Now that we have the shake probability b, we can perform a shake test. Lets generate a random number between 1 and 65535 (2^16 - 1). If our random number is greater than b, the shake test fails. After four successful shake tests are performed, the Pokémon is caught! Unless, that is, we have a critical capture...

Information on critical captures is fairly vague, and the chance of one happing is dependant on the percentage of the Pokédex completed, though extremely rare regardless. When a critical capture is performed, only one shake test is performed instead of the typical four. While it doesn't seem like much, a 5% chance of capture jumps to a 47% chance if it's a critical capture. Unfortunately, it is currently unknown if critical captures are in Pixelmon.

Before we conclude, how about we run through a quick calculation of catching a Sandile in a Fast Ball if it's frozen and has 42/104 Hp. Let's start by defining our variables -

• Catch rate = 180 (Sandile)
• Hp max = 104
• Hp current = 42
• Ball multiplier = 1x (4x if speed >= 100)
• Status multiplier = 2.5x (frozen)

Therefore,

$a = \frac{(3*104-2*42)*180*1}{3*104}*2.5 = \frac{1346954}{4096} \approx 328.846$

With that finished, we can now calculate b -

$b = \frac{65536}{(\frac{1044480}{1346954})^{3/16}} = \frac{65536}{\frac{3905}{4096}} = \frac{268435456}{3905} = \frac{281565078}{4096} \approx 68741.5$
We could do all the calculations for our shake tests, but interestingly enough b is larger than 65535. In other words, this Sandile will always be caught under the conditions provided.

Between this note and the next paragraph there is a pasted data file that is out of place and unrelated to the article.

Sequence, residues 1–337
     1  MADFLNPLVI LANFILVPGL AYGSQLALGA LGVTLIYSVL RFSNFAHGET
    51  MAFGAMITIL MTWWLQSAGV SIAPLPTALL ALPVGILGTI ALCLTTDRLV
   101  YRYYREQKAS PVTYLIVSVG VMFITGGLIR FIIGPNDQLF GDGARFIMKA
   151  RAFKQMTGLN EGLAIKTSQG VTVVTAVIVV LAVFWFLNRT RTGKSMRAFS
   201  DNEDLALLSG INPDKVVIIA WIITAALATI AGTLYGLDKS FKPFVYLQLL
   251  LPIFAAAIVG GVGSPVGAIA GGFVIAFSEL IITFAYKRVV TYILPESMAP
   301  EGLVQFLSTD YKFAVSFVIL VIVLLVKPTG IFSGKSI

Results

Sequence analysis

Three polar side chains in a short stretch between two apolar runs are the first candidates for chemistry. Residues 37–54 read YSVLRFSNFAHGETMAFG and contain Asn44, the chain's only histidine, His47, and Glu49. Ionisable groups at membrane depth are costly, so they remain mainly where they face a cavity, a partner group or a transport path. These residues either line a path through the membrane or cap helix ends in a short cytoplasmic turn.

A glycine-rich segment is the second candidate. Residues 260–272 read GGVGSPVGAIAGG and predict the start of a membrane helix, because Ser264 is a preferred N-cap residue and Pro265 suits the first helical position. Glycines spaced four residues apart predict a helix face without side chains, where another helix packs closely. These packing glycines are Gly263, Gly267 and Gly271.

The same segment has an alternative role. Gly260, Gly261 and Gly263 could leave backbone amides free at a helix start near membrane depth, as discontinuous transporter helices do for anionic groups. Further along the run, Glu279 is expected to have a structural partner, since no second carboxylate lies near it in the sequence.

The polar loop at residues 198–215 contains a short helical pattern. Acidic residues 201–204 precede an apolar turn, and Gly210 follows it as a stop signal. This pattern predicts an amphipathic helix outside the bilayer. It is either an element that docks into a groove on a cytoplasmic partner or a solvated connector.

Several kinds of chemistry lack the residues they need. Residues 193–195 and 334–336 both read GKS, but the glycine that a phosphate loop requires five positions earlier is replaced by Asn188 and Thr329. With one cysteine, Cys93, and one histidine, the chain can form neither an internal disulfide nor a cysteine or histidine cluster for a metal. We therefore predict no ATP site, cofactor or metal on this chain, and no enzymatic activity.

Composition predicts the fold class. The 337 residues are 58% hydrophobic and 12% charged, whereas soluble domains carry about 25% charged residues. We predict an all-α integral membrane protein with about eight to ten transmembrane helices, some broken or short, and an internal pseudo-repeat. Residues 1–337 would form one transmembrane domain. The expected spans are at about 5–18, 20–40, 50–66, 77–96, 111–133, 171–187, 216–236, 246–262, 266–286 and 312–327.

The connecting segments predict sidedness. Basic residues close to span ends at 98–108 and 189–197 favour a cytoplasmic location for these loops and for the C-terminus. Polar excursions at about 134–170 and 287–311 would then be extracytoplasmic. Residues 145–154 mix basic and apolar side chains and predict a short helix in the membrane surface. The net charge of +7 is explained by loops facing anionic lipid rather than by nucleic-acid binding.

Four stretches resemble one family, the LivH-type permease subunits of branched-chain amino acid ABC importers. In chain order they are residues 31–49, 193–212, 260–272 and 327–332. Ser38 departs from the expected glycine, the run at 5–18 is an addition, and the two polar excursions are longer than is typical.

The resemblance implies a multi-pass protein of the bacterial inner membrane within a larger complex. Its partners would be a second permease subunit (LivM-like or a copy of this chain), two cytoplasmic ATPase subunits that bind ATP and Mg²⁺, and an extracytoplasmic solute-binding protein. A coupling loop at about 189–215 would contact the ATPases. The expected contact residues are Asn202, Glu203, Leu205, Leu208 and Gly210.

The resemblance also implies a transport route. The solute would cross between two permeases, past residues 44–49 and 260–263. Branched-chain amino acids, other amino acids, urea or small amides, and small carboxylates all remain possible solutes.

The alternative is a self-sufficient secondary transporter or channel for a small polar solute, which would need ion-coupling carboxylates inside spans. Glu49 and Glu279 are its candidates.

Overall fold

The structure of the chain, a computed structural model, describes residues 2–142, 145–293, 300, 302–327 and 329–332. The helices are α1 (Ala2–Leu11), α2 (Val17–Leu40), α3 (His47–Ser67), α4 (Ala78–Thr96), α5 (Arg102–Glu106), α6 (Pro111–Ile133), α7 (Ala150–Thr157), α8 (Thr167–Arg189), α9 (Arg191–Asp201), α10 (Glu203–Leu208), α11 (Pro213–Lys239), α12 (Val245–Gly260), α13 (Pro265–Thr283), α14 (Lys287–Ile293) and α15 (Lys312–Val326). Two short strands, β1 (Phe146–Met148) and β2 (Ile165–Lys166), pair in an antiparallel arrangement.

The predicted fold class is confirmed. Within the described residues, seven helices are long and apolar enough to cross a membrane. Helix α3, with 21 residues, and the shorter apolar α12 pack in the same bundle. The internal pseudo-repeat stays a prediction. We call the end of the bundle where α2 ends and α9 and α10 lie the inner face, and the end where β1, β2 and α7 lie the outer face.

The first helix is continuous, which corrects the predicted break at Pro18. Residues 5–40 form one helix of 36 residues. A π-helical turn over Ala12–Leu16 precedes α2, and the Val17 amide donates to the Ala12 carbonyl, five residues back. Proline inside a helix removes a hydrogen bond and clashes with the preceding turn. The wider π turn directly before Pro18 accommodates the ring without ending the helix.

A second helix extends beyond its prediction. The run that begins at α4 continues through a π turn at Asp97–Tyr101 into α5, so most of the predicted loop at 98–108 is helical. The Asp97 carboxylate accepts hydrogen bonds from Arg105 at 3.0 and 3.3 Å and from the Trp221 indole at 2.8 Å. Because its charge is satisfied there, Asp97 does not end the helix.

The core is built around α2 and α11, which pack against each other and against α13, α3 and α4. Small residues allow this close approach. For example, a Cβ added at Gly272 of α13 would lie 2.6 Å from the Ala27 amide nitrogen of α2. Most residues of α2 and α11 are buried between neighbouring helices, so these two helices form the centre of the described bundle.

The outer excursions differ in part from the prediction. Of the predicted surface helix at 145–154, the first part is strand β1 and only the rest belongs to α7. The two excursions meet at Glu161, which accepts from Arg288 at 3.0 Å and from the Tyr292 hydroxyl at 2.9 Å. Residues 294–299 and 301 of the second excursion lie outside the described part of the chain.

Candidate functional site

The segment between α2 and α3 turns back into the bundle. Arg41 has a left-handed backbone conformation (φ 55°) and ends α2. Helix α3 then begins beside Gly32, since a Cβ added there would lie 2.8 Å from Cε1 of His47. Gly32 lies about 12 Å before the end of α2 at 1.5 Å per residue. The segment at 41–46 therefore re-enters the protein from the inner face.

With that being said, there's a lot more information about catch rate calculation going on behind the scenes, so if you'd like to know more about the math behind Pokémon take a look at the link below which is where most of this information came from. May the shake tests be ever in your favor!

______________________________________________________________________________________________________________________

What's your thoughts on having NPC Gyms in new versions of Pokémon? Click the link below and place your vote!
http://www.strawpoll.me/12279877
______________________________________________________________________________________________________________________

In Other News...

I've been around the Minecraft community for years and I've seen some pretty amazing things created with such a simple game, but this one might just be the best out of all of them.

Enter Pokémon Cobalt and Amethyst, a custom-built Pokémon game completely in vanilla Minecraft. In the words of the developers,

"Pokémon Cobalt and Amethyst is a 1.8.8 single player vanilla Minecraft map that recreates the original Pokémon role-playing game in Minecraft. This includes battling, capturing, and training Pokémon, fighting trainers, and challenging Gym Leaders and, ultimately, the Pokémon League. Everything you love in Pokémon is now here as a vanilla adventure map, ready to play! Experience the open world and 3D sensation Minecraft offers!

The map places itself in a never-before-seen region, featuring a new set of 136 Pokémon and a new story dominated by an antagonist threatening to release a Legendary darkness that demands tribute. It is your task to seek the truth with the help of the region's Professor and your rival - either capture it before it's too late, or take Team Tempest down while saving the lives of those closest to you."

I haven't had the time to try out this map for myself, but (as much as I love Pixelmon) it's on the top of my to-do list. I absolutely admire the effort put in by this team to make this a reality, as it incorporates custom Pokémon, menus, mechanics, and more across 31 months of development time.

If you want to read more about the project or give it a try yourself, click the link below to go to the MCF post by the lead designer. Enjoy!

http://www.minecraftforum.net/forums/mapping-and-modding/maps/2791466-pokemon-cobalt-amethyst-pokemon-in-vanilla
______________________________________________________________________________________________________________________